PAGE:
HMRC has lost its appeal to the Upper Tribunal (UT) in the Professional Game Match Officials Limited case.
The case concerned professional football referees in the Premier League and English Football League. The First-Tier Tribunal (FTT) had ruled the referees were not employees for tax purposes and the UT has upheld that decision.
While the existence of control featured in the decision, it was the existence of mutuality of obligation between the parties that was central.
Professional Game Match Officials Limited (PGMOL) supplies referees to the top four football leagues: full time employed referees to the Premiership and Championship, and part time referees from a ‘National Group’ for leagues one and two. These part time referees joint the National Group for a season and agree to abide by certain standards when officiating at a game, in return PGMOL provided kit and training.
League one and two games need referees and these officials can only be drawn from the National Group list. However, the FTT found that when PGMOL offered a particular match to a referee, in the context of mutuality, there was no obligation for those on the list to accept a match appointment. Each match the referee agreed to officiate was itself a separate agreement. Even after a referee had agreed to a match they could withdraw for whatever reason (eg other work commitments) without punishment or the personal need to find a replacement.
In addition, there was no requirement for anyone on the national list to officiate a minimum number of matches per season nor was PGMOL obliged to offer a minimum number of games to the referees. On this basis, the FTT found that there was insufficient mutuality of obligation to imply the overarching contract for the whole season was one of employment.
HMRC’s view of MOO
HMRC’s contention in its appeal was that mutuality is only important in determining whether there is a contract in the first place (it is on this basis that mutuality of obligation is not considered in HMRC’s CEST tool). The UT ruling rejects this approach: paragraph 49 of the ruling states “[mutuality of obligation] is an essential requirement in categorising a contract as one of employment”.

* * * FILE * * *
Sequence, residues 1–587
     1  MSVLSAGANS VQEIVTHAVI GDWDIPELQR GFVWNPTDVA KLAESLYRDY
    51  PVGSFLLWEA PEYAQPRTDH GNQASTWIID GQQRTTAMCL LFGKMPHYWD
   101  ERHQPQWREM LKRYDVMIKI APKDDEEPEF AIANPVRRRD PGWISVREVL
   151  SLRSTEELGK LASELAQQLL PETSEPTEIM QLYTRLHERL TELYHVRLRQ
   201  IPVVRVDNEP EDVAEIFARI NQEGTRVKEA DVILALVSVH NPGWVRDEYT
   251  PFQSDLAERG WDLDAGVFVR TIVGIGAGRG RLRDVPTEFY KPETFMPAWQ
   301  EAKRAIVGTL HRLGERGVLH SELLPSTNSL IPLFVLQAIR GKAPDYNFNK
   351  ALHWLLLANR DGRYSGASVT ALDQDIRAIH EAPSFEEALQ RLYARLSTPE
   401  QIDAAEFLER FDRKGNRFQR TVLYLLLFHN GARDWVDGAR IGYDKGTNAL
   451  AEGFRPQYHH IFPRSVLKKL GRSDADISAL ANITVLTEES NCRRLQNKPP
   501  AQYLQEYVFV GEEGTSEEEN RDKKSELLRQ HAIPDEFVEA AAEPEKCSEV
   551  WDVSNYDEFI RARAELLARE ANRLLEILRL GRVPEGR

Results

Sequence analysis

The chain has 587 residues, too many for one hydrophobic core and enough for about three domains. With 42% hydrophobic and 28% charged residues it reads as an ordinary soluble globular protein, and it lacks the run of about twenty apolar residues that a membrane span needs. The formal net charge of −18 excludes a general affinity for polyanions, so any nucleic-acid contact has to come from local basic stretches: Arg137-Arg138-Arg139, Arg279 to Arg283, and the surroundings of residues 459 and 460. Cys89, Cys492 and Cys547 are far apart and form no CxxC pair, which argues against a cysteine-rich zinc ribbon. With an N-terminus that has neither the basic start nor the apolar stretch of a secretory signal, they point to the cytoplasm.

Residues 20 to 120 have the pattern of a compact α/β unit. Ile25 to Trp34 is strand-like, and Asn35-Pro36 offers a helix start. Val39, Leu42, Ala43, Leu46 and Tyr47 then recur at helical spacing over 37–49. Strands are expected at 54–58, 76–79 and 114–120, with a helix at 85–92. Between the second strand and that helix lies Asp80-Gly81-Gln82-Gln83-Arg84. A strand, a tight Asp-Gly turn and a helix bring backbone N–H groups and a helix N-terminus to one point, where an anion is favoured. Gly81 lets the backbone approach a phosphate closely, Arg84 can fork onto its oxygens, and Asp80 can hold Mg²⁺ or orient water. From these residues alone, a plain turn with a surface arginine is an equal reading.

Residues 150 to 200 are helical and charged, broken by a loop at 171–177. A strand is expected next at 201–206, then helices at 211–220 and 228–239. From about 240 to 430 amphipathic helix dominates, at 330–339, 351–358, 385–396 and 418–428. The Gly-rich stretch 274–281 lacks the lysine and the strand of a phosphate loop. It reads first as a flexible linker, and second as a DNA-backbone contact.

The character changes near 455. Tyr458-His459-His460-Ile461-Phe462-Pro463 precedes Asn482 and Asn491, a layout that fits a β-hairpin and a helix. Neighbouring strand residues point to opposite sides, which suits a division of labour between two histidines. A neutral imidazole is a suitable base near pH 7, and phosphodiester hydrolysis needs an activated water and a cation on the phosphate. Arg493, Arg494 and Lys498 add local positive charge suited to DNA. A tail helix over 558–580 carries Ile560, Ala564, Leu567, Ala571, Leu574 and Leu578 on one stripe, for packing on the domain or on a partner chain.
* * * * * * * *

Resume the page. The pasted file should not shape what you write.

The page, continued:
Conditions for mutuality of obligation
In reviewing the FTT decision, the UT set out minimum conditions for mutuality of obligations to apply:
- There must be an obligation on the individual to perform at least some work and an obligation to do so personally, stating “It is consistent with such an obligation that the employee can in some circumstances refuse to work, without breaching the contract. It is inconsistent with that obligation, however, if the employee can, without breaching the contract, decide never to turn up for work”.
- There must also be an obligation on the employer to provide work, or alternatively a retainer or some form of consideration (in money or money’s worth) in the absence of work. The ruling states: “We think it is insufficient to constitute an employment contract if the only obligation on the employer is to pay for work if and when it is actually done.”
As neither of these tests were met in the case the UT ruled that the FTT decision on mutuality of obligation was correct.
It is clear that there is a significant principle at stake for HMRC in this case and we understand that it will be appealing against the UT decision. Clearly, HMRC is unlikely to change its CEST tool or guidance on its website until the case is finally settled (if then). However, given that the Off-payroll rules will apply to all organisations from 6 April 2021 and many thousands of businesses will rely on CEST and HMRC’s guidance to determine the employment status of their contract workers, it is hoped that a final clarity on the importance of mutuality of obligation will be achieved before that date.
For help and advice on off-payroll labour and all employment status issues please get in touch with your usual BDO contact or Nick Duffin or Rob Woodward.
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